By John Miller
25th October, 2017
Syracuse University, Willamette University, Cornell College, Southern Methodist University, American University. What do all these fine institutions have in common? A Queer Alliance? Students for Feminism?
I mean why do they even exist? Surely to fight gender inequality? Perhaps to spread spiritual diversity? To demand the immediate legalization of drugs?
Who even made them? Oh, I know. It was some clever group of atheists, gays, bisexuals and the transgendered. Actually no, they were all founded by Christians of the Methodist faith.
Syracuse University in New York was founded in 1831 by the Methodist Episcopal Church as the Genesee Wesleyan Seminary. Jason Lee, Methodist Episcopal Church missionary, founded Willamette in the Oregon Country in 1842. In 1850 the Genesee Wesleyan Seminary moved from Lima to Syracuse, under Rev. Dr. Benjamin Franklin Tefft. George Bryant Bowman, Methodist minister, founded Cornell in Mount Vernon, Iowa, in 1853.
American University probably owes as much to the American military needing a weapons testing laboratory as it does to John Fletcher Hurst, so perhaps it belongs to the secular world.
SMU in Dallas was the labour of love of the Annual conferences of the United Methodist Church, and appeared in 1915. It took Liberals most of the 20th Century to subvert the Methodist Church and destroy its institutions, and to ruin the life’s work of so many fine Christians. So who were the Methodists, and why should you care?
Well for one thing, it isn’t right to steal another’s property, or pass their labours off as your own accomplishments. The grand theft of the crown jewels of the Methodist Church in America by the Left has so tarnished good Christian names like Cornell, and polluted the names of honest Christian territories like Willamette and Syracuse, that those names have become bywords for pompous vice and degeneracy of the lowest order.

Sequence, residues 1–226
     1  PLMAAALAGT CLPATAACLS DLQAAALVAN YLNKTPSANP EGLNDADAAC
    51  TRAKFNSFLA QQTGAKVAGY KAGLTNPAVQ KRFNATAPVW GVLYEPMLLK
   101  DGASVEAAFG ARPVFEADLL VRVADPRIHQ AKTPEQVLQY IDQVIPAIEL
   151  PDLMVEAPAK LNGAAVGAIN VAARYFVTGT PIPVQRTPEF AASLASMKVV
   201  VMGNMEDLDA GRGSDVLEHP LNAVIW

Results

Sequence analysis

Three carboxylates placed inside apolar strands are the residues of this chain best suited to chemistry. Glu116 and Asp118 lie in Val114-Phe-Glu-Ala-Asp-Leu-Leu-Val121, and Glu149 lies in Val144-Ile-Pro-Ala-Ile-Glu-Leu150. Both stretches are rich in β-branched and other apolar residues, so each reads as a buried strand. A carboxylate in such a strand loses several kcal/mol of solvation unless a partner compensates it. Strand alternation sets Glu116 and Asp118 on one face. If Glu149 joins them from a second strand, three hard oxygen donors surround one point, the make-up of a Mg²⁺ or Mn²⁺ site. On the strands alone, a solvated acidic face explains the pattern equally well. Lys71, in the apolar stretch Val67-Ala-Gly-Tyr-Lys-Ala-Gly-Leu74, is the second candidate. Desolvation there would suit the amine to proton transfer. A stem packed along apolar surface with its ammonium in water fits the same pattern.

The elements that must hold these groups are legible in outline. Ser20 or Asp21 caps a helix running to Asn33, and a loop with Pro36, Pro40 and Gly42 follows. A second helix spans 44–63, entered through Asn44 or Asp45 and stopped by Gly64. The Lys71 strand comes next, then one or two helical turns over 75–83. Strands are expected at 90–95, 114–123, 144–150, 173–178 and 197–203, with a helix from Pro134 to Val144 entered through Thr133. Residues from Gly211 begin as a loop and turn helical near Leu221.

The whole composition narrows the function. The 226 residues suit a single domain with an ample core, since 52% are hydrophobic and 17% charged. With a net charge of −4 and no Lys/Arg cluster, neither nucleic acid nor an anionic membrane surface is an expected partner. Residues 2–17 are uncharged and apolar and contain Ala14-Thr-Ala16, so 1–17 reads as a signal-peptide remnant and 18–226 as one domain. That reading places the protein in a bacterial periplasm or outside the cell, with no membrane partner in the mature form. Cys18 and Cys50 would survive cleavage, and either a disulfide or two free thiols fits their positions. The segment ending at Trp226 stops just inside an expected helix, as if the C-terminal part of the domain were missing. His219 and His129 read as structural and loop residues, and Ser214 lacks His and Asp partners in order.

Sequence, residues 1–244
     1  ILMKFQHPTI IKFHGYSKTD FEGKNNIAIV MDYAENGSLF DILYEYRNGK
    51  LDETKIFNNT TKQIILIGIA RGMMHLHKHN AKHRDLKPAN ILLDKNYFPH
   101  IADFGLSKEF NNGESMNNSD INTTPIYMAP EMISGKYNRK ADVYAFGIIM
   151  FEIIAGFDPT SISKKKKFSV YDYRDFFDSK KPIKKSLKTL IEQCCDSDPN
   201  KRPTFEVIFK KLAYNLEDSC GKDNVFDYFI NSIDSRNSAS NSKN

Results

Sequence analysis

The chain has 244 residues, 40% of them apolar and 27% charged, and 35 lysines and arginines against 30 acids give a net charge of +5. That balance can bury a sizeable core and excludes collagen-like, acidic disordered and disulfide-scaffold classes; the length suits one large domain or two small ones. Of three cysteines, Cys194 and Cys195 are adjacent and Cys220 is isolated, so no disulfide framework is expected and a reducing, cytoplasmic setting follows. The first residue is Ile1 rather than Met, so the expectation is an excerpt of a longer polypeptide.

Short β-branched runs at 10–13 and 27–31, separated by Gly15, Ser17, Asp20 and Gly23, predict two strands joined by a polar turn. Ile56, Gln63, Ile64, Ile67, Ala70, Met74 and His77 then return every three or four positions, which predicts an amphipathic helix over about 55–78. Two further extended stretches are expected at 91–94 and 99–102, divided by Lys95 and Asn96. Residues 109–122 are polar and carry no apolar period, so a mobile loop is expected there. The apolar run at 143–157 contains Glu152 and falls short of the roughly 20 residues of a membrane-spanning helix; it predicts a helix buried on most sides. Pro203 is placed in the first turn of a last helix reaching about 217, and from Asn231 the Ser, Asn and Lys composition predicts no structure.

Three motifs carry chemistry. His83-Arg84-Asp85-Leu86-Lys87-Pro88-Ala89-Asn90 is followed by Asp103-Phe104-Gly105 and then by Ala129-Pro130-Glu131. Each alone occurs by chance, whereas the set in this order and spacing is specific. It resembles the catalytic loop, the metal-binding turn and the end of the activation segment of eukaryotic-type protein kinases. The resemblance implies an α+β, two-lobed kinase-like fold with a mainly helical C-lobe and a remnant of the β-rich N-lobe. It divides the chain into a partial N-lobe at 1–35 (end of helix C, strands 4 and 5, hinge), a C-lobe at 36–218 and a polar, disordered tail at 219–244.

This unholy assault upon the labours of so many pious men of God ought to be have been sternly met with remonstrance by the followers of Wesley. For John Wesley was an enlightened man, he was a gentleman and a scholar, but above all he was a pious and devout Christian.
The Holy Club that Wesley belonged to at Oxford met every night to read the Holy Scriptures for three hours, to pray and fast. These were men of discipline, the leaders of the Evangelical Revival that took place in the Church of England in the 18th Century, pastors for Puritans, Godly men.
Wesley and Whitefield deserve a better legacy than the backsliding free thinkers of the do-as-you-feel 21st Century Methodist Church, university sinecures that are passed around like reefers amongst worn-out political hacks who think they belong in higher education, and the unclean legion of pampered brats who attend colleges that teach them the world ought to revolve around their diversity parade.
This is the farthest thing in the world from what you ought to learn at a Methodist college, where young men and women should learn that daily and hourly devotion to Christ alone in thought, word, and deed is the cornerstone of a fulfilling life.